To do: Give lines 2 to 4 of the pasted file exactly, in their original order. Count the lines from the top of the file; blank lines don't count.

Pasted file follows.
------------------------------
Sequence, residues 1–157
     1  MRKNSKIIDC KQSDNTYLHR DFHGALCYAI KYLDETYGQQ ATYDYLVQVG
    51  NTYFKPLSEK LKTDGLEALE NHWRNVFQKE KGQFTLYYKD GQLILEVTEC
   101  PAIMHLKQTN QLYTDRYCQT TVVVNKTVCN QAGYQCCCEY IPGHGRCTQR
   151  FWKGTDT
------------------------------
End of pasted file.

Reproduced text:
     1  MRKNSKIIDC KQSDNTYLHR DFHGALCYAI KYLDETYGQQ ATYDYLVQVG
    51  NTYFKPLSEK LKTDGLEALE NHWRNVFQKE KGQFTLYYKD GQLILEVTEC
   101  PAIMHLKQTN QLYTDRYCQT TVVVNKTVCN QAGYQCCCEY IPGHGRCTQR